- Global Markets: LNG Buyers in Asia Look to Resell Supply
- Global Oil & Gas: EU Rules on Methane Curbs May Boost LNG Industry - Exxon
- Global Oil & Gas: Venture Global Accused of Reneging on LNG Contracts for Europe
- Global Oil & Gas: Oil Unchanged as Market Struggles for Direction
- Energy Transition: Projections of peak oil, gas, and coal demand before 2030 deemed ‘extremely risky and impractical’
The seaborne spot iron ore market has long considered 62% Fe material its benchmark product, after a shift away from annual price negotiations in 2008. Grade depletion at mines producing 62% Fe material – and the recent start-up of a wave of large-scale, lower-grade iron ore projects – has shifted that dynamic.
The market for 58% Fe iron ore has now, in 2014, come to account for around 300 million tpy of an annual seaborne market that exceeds 1 billion tpy.
The ramp-up in output of this lower-grade product has come at a crunch point for miners, however.
Both major and junior producers bet on their own output costs per tonne being lower than those of their competitors, and on firm growth in Chinese demand, ensuring a stable market for the steelmaking raw material.
Supplies came on stream as predicted, but Chinese demand growth has slowed amid stagnation in the country’s domestic housing and construction sectors.
Metal Bulletin’s 62% Fe iron ore index has tumbled by more than 40% since the beginning of the year, from more than $130 per tonne to five-year lows just above $75 per tonne in early November.
Prices for lower grades of iron ore have suffered even more, with the differential between the two prices broadening in May as price falls accelerated and 62% Fe iron ore dropped below $100 per tonne.
Prices have since fallen to less than $76 per tonne, the lowest level for five years.
The differential between the two prices widened to nearly 20% in June, from an average of less than 10% earlier in the year.
The decoupling of prices between the two major grades of iron ore has increased the exposure to basis risk held by traders, mills and miners.
In response to the increased price differential emerging in the physical market, the Singapore Exchange, a major commodity trading hub, announced plans to launch a 58% Fe iron ore swaps contract.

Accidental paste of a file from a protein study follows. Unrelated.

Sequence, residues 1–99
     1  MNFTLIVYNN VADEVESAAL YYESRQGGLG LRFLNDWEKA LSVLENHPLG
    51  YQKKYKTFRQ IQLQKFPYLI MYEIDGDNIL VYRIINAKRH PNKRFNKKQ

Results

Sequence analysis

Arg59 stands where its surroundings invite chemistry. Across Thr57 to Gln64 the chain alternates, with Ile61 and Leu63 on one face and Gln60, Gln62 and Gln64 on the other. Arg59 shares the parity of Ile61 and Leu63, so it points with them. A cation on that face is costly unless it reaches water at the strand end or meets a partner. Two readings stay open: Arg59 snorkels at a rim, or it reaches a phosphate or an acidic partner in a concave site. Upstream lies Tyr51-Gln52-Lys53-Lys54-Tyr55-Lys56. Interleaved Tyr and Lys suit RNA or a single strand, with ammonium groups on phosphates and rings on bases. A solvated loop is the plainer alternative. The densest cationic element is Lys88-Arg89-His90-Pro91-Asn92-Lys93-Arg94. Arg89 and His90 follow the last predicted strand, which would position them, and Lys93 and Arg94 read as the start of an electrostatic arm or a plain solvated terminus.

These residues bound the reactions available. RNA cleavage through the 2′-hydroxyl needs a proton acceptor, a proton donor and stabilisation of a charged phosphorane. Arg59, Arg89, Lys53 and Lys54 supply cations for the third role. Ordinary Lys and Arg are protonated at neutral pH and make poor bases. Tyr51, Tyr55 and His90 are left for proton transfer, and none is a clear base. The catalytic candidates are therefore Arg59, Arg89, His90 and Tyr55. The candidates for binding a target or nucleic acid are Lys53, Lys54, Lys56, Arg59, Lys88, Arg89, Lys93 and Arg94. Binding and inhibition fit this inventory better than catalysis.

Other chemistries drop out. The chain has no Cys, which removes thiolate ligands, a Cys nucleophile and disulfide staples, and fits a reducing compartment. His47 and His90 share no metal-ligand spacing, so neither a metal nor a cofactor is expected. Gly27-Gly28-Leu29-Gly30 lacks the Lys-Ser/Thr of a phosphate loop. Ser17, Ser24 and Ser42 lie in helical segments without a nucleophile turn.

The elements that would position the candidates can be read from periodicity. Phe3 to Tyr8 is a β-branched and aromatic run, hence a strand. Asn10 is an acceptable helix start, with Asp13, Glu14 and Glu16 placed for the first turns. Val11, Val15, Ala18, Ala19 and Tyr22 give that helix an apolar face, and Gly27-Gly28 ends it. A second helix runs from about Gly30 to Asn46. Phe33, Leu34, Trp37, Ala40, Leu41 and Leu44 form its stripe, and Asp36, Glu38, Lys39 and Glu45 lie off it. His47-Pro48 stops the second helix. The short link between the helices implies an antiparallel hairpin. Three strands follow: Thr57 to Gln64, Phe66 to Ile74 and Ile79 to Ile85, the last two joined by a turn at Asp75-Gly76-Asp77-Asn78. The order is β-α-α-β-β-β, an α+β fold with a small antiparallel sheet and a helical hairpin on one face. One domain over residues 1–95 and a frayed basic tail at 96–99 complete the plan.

The exchange’s 62% Fe contract, launched more than five years ago, has now become the reference contract outside China for the world’s paper iron ore market.
The key brand in the 58% Fe market is Anglo-Australian mining major BHP Billiton’s Yandi product, according to analysts and traders speaking to Steel First.
Produced at BHP’s Pilbara operations in Western Australia, the Yandi 58% Fe product is referred to as the benchmark for Australian lower-grade material, and is the main reference point for Metal Bulletin’s 58% Fe premium daily iron ore index.
Fellow Anglo-Australian mining major Rio Tinto produces its own 58% Fe product, mined close to BHP’s Yandi mine in the Pilbara, and called Yandicoogina.
Miners who do not use a 58% Fe index to price their lower-grade fines, apply price adjustments to average 62% Fe index prices based on percentage point differentials for iron content and other factors, including impurities and brand recognition.
Fortescue Metals Group (FMG) – another Australian miner but a relative newcomer to the market, having started mining just six years ago at its Chichester hub – is now the fourth-largest producer of iron ore in the world and its largest producer of lower-grade iron ore.
FMG is now consolidating a lot of the brands it developed early in its production cycle into one, a product called Fortescue Blend.
“Most of these lower grade [less than 60% Fe] operations are mining Channel-iron deposits [CID], which are different to the premium Brockman ore [and later Marra Mamba], which was the traditional target in the Pilbara because of its higher grade and lumpiness,” an analyst told Steel First.
“The CIDs have been a big growth area over the past decade, as they are relatively plentiful, easy and low-cost to mine, and have low impurity levels [of silica and alumina, for instance] for their grade,” he added.
“They are still referred to as DSO [direct shipping ore] but often require a bit of low-cost processing beyond the standard crush/screen/wash,” he said.
A decision based on cost-effectiveness and blast-furnace burden optimisation determines what types of iron ore steel mills choose to use.
Any scarcity of lower-grade iron ore in the spot market will represent a major price support for 58% Fe products in the next six months, a mill source told Steel First.
The 62% Fe market has seen close to half of its value wiped off since the beginning of the year, dropping to new lows of just above $70 per tonne on November 19.
While the price of 58% Fe iron ore has also continued to fall, it has done so at a different pace to the higher grade material.
The price differential between 58% Fe and 62% Fe material has narrowed in the past month to about $15 per tonne, considerably less than the near-$25 per tonne gap between the two grades seen in June.
A reason for the narrowing of the price gap is the relative tightness of 58% Fe supply in comparison to the 62% Fe market, sources told Steel First.
Miners, faced with tightening profit margins and tumbling prices, are being very cautious about where to spend capital and to ramp up output.
“As 58% Fe products become less cost-effective, miners will face difficulties getting finance to ramp up production, even if they want to do so,” one industry source said.
“A slowdown in growth rate for 58% Fe fines can mainly be attributed to the lower profit margins commanded by the 58% Fe market compared with those of higher-grade fines,” a trader concluded, “if production costs are relatively the same.”